Tonight, I was scheduled to go on Making Money with Charles Payne at 6:10 ET to talk about sanctuary cities. About 20 minutes beforehand, the news of James Comey’s firing blew up. I was convinced I would get bumped. Instead, the producers asked me to join the program to talk about Comey. I was in the chair for the full hour, offering some basic constitutional commentary about the President’s removal power. During commercial breaks, I managed to type out this statement for Politico Magazine, in response to the question of whether this is a “constitutional crisis.” In a word, no:
‘Trump’s actions were entirely constitutional’
Josh Blackman is a constitutional law professor at the South Texas College of Law in Houston, an adjunct scholar at the Cato Institute, and the author of Unraveled: Obamacare, Religious Liberty, and Executive Power.
Under the Constitution, the president has the absolute power to fire principal officers, such as Director Comey, at will. In that sense, Trump’s actions were entirely constitutional. Indeed, the termination was accompanied by a fairly elaborate set of reasons by the deputy attorney general.
As for whether there is a crisis, we must keep in mind that Comey’s replacement must be approved and confirmed by the Senate. Both Republicans and Democrats will have a say in who heads the agency going forward. At bottom, this is a political question, which ultimately the electorate can decide.
Further, for those drawing analogies to the Saturday Evening Massacre, recall that Nixon never actually fired anyone himself. Instead, he had to ask a subordinate to fire the special prosecutor for cause. Comey was fired by the President, directly, at will (though plenty of causes were given). I wrote about this issue after Yates was fired:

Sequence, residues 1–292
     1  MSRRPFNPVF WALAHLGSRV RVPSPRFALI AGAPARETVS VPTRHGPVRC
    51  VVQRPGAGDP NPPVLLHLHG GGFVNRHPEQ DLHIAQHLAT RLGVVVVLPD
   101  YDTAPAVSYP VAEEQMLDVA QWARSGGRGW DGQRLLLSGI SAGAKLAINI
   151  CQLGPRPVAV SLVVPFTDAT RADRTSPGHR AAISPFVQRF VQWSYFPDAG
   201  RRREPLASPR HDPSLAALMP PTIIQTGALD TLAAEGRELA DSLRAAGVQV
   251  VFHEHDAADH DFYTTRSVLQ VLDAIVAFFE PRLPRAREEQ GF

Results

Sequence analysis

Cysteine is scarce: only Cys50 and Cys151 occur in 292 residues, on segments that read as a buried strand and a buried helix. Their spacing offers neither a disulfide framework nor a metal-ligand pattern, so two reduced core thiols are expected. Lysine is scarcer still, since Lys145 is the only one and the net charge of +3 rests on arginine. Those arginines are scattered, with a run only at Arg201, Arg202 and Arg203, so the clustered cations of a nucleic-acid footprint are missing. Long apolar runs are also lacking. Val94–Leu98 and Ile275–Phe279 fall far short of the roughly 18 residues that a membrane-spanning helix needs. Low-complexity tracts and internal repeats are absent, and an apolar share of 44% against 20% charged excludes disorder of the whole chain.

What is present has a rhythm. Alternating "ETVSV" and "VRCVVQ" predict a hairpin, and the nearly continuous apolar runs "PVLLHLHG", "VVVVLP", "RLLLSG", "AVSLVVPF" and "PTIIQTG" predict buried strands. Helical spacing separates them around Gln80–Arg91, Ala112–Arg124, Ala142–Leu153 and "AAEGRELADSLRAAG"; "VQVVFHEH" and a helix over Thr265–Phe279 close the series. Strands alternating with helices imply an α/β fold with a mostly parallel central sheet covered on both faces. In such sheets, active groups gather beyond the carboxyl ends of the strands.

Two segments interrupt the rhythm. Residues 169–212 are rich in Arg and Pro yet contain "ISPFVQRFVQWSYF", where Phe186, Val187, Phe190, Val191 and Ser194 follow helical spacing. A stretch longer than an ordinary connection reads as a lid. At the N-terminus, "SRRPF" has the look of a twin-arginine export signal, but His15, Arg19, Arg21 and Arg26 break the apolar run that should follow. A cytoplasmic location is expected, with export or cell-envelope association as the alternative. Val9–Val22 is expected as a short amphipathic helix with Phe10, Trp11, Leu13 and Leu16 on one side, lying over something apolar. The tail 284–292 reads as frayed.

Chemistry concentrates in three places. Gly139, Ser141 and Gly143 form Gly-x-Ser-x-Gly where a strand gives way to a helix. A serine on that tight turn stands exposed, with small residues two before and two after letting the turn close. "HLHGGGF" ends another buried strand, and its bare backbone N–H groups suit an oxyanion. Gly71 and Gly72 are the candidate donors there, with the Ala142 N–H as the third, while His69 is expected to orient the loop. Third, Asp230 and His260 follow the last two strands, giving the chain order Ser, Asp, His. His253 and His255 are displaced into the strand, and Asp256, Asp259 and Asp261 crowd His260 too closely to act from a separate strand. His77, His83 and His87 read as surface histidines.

Let’s review the facts. In 1973, Attorney General Elliot Richardson appointed Archibald Cox as an independent special prosecutor to investigate the break-in at the Watergate Hotel. Cox, a former solicitor general, issued subpoenas to President Nixon for taped Oval Office conversations. Nixon refused. Under the law in effect at the time, the president could not fire the special prosecutor directly. Rather, the attorney general could fire Cox, but only “for cause,” which required some neglect of duty. In other words, the prosecutor could not be fired because his investigation came too close to the Watergate cover-up.
After ignoring the subpoena, on Saturday, Oct. 20, 1973, President Nixon ordered Attorney General Richardson to fire Cox. However, the prosecutor had not engaged in any malfeasance, and there was no “cause” to terminate him. Thus, the president’s order was against the law. Richardson refused to comply, and instead resigned. Shortly thereafter, Deputy Attorney General William Ruckelshaus assumed the position of acting attorney general. He too refused to fire Cox, and instead resigned. Third in line was Robert Bork. The solicitor general, now the acting attorney general, believed the president’s order was constitutional and appropriate. Bork complied, and fired the special prosecutor. It was a dramatic episode in constitutional history that gave rise to the independent counsel statute, and two decades later, President Bill Clinton’s impeachment.
As I noted on Fox Business, even if a special prosecutor is appointed, that prosecutor would still be subject to removal by Attorney General Jeff Sessions. But since Sessions has recused, the special prosecutor would be subject to removal by the Deputy Attorney General.